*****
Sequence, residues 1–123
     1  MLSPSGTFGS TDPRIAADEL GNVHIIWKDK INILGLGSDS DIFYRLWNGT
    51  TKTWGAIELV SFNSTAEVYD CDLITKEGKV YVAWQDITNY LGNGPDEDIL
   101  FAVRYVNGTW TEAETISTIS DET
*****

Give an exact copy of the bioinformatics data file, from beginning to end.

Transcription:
Sequence, residues 1–123
     1  MLSPSGTFGS TDPRIAADEL GNVHIIWKDK INILGLGSDS DIFYRLWNGT
    51  TKTWGAIELV SFNSTAEVYD CDLITKEGKV YVAWQDITNY LGNGPDEDIL
   101  FAVRYVNGTW TEAETISTIS DET